On August 4, another Hindu temple was desecrated in this country. The temple in Bhong city, in the Rahim Yar Khan district of Pakistan’s Punjab province, saw a radicalized crowd brandishing religious slogans that damaged idols and destroyed temple property.

But what is more ridiculous this time is the fact that Pakistan has decided to blame India and not its Pakistani citizens, even for desecrating a Hindu temple, as it does after never committing of attacks there. And as always, no action will be taken against these radicals.

Although the Supreme Court of Pakistan has heard the case and ordered the restoration of the temple, nothing significant is expected to happen. Pakistan’s Minorities Commission submitted a report in April to Pakistan’s Supreme Court on the poor situation of minority religious institutions in the country.

According to the report it submitted, the ETPB only manages 13 of the 365 temples in the country. Sixty-five temples are left to the management of the Hindu community which regularly sees attacks from the mobs while the rest of the temples have simply been abandoned, to be exploited by the earthly mafia. According to reports, even ancient sacred temples that are centuries old are in poor condition. The ETPB has totally failed, the report adds.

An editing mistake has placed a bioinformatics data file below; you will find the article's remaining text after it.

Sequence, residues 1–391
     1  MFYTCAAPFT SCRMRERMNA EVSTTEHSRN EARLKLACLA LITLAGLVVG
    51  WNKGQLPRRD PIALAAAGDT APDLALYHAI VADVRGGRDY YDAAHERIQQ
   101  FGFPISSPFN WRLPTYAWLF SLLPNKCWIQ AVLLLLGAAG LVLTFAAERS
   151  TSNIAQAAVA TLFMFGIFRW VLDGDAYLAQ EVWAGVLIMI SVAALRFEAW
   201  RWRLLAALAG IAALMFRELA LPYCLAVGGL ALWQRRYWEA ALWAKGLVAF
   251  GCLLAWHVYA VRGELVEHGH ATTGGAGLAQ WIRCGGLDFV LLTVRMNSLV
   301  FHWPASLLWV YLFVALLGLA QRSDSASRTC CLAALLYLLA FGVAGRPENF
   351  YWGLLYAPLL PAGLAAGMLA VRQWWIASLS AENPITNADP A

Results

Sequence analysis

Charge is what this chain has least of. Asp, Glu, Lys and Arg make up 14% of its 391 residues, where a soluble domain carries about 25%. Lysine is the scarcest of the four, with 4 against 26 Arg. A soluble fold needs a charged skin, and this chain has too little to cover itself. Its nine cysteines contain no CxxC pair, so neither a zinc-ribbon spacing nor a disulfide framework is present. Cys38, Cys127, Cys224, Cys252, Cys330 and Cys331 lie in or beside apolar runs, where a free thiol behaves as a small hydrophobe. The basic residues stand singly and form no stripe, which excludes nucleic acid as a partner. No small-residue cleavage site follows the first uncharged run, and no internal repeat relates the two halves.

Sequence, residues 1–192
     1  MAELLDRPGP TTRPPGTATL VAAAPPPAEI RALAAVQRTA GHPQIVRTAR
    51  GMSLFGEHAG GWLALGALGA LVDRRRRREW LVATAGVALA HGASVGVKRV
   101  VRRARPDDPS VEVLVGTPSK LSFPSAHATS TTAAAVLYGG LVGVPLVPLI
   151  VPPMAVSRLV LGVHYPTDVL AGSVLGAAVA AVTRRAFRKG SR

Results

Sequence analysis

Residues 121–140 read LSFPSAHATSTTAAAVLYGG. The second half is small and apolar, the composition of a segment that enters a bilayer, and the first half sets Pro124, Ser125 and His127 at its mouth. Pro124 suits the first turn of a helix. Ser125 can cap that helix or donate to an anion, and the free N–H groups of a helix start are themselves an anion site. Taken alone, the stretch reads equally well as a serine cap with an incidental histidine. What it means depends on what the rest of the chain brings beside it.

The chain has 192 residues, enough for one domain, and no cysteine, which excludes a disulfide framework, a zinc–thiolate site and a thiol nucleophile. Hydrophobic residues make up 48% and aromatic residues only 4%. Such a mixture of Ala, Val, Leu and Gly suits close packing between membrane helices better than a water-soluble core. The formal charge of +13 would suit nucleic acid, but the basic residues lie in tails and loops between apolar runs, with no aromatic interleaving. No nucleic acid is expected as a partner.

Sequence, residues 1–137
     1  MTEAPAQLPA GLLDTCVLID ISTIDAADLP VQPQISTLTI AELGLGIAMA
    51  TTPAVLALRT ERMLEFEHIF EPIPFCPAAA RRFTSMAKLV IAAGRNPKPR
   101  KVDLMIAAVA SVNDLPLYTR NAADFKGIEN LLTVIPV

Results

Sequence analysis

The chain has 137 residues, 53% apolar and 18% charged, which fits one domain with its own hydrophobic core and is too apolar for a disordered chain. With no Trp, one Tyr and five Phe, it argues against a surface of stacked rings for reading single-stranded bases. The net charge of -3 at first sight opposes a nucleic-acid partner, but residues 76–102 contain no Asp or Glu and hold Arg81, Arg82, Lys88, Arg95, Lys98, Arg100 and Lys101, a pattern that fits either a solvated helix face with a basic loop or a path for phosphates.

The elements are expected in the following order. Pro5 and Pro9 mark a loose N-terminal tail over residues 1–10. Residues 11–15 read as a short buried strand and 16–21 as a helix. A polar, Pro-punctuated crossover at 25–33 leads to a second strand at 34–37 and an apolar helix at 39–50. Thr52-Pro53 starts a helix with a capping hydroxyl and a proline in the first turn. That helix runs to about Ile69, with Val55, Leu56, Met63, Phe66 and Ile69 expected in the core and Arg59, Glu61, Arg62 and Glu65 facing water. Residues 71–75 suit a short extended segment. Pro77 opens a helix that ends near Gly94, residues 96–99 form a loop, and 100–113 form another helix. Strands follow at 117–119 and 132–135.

Under international pressure for a hostile attitude towards minorities, in an attempt to convey a positive message, Pakistan decided a few years ago to build a Hindu temple for Lord Krishna in its capital Islamabad and took responsibility for ‘develop the land and donate funds for construction.

By the way, according to Pakistani media, there are around 3,000 Hindus in Islamabad, but they don’t have any Hindu temple to pray for. True, Islamabad has a Ram temple built in the 16th century, but the temple is only used as a tourist spot now. Hindus are not allowed to pray there and all idols have been removed.

So, besides promoting religious harmony, it was a welcome decision also as a new Hindu temple or fourth new Hindu temple in Pakistan since its independence could have become the first temples for Hindus in the Pakistani capital.